Brazil Expat Forum - Cost of Living

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KateB
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5/29/2009 12:19    
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Hello, I've never been to Brazil before but my husband, myself and our four young children might be moving there. We will know more in a few months. I was wondering if anyone could tell me what the cost of living is...food, clothing, entertainment, fuel, cars?
Thank you

gustavoe
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5/29/2009 14:15    
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Hello Kate,

I was born and live in Brazil.

In general manufactured and imported goods are more expensive here than in the US/Europe because of the high burden imposed by taxes.

On the other hand labor intensive goods or services are way cheaper here because of the very low average salaries. Not as low as China for example, but very low compared to the US/Europe.

For instance a non-specialized worker on a 50hs/week job makes something around R$500-R$1500/month (=US$250-US$750/month) in São Paulo which is the most expensive city in the country. Much less elsewhere.

So having a maid at home for instance it's very common, most of the mid to upper class have one, or two or more. You'll see families that are not extremely rich, just upper class, that have two maids, one driver, one nanny, etc... Something unthinkable on developed countries!

The extreme disparity in income distribution makes for a very wealthy high income class which means all sorts of sophisticated goods, services, restaurants, touristic resorts, etc are available here (though at a price the average population would never afford), and a huge low income class working at very cheap salaries.

Good luck relocating!

Gustavo

9carioca9
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5/31/2009 05:55    
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hi kateb

the answer from gustavo is misleading.

to do a reasonable cost of living comparison one would need to know the city of your origin and the city of destination in brazil.

for example i live within 25 miles of washington dc where the cost of living is higher than in oklahoma city ok, greensboro nc, lansing mi, or baltimore md. i googled to obtain this comparison.

comparing my location with the cities of sao paulo or rio de janeiro the cost of living is almost the same, maybe as much as 15% less. note, sao paulo is a little more expensive than rio.

i lived in sao paulo for 5 years and return to brasil 1 or 2 times a year to vacation and visit friends for the last 20 years. i was last there in march 2009 for 2 weeks.

gustavo is correct about service providers, they are cheaper.

cd's, cell phones, tv's, stoves, refrigs, clothes, shoes all cost about the same as here in the usa if you were to shop at a mall.

hope this helps

9carioca9
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5/31/2009 06:17    
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hi kateb

the price of gas/ethanol for cars is between $4 and $6 a gallon. much higher than anywheres in the usa. most cars are 4 cylinders so they get excellent gas milage.

the price of electricity is about the same.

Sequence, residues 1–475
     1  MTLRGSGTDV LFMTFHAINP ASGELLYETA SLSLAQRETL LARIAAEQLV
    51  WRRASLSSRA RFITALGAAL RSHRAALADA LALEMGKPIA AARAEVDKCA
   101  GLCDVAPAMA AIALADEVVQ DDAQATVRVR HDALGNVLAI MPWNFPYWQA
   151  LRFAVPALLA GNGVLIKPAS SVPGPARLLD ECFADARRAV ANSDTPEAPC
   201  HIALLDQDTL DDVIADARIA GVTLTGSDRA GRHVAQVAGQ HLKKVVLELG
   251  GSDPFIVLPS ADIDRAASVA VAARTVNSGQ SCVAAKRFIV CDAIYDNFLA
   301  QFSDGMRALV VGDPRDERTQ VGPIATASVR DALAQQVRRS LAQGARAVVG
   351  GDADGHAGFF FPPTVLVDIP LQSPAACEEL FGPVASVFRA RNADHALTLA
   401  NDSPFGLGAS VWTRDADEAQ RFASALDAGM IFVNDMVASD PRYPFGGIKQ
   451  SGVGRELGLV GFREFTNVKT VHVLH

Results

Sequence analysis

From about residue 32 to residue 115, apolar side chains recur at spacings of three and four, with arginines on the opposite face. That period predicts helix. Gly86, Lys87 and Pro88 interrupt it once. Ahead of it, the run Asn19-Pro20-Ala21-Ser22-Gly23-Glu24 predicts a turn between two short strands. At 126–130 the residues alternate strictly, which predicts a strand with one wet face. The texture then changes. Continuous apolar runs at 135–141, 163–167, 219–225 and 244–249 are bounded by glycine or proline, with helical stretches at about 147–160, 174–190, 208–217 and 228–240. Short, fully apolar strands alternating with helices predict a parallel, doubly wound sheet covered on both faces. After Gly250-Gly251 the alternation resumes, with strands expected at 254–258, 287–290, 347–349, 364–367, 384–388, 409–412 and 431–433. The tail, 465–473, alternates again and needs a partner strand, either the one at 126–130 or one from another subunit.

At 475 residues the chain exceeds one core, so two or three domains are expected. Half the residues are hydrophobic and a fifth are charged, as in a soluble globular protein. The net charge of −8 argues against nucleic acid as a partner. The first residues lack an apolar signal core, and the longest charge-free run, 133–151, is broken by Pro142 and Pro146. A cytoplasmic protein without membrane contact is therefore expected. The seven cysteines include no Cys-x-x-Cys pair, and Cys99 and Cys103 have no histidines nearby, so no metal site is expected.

if u rent a 4 bedr home in either rio or sao paulo the cost will be at least $2000 $US a month, or more. monthly rental costs always include the rent payment to the owner, real estate tax, and a condominium fee.

brazil has the equivalent of dish network/direct tv called sky tv and the price is about the same as in the usa.

hope this helps

9carioca9
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5/31/2009 07:20    
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hi again,

i read that you have 4 children.

if they attend the american schools in either rio (earj) or sao paulo (egsp) they cost about $2000 US a month per child, 12 months a year even though there is no school during the summer and winter vacation months. the monthly cost does vary somewhat depending upon whether the child is in elementary, middle or high school.

also, for the 2nd, 3rd etc child you will get a discount.

normally, the company that you work for usually pays for this cost.

i attended egsp and graduated there.

brastras
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From: Brazil
6/8/2009 16:05    
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You can check prices of some basic household goods yourself 24 hours a day at these sites:

http://www.americanas.com.br

http://www.pontofrio.com.br

http:www.pernambucanas.com.br

http://www.walmart.com.br

http://www.shoptime.com.br

Current exchange rate is about R$1.95=US$1.00

These sites won't shio overseas nor accept international credits cards even if you live in Brazil.

Hope that helps.

Carllos

gustavoe
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6/8/2009 18:13    
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Hi carioca... how could I be misleading if I was not trying to lead anywhere :-)

I think you will agree with me this time: if you want to spend the absolutely lowest possible, cost of living in Brazil is an order of magnitude lower than in developed countries, but than we're talking about a sub-human standard, though that's how millions of people actually live here.

As you go up the scale you start to close the gap and somewhere near the upper class (which is where most expatriates from large companies are) it's actually more expensive to live in Brazil than in the US or Europe.

What I said about being affordable to have a house staff here is something that appeals a lot to foreigners since it's very expensive to have this kind of help at home in their home countries.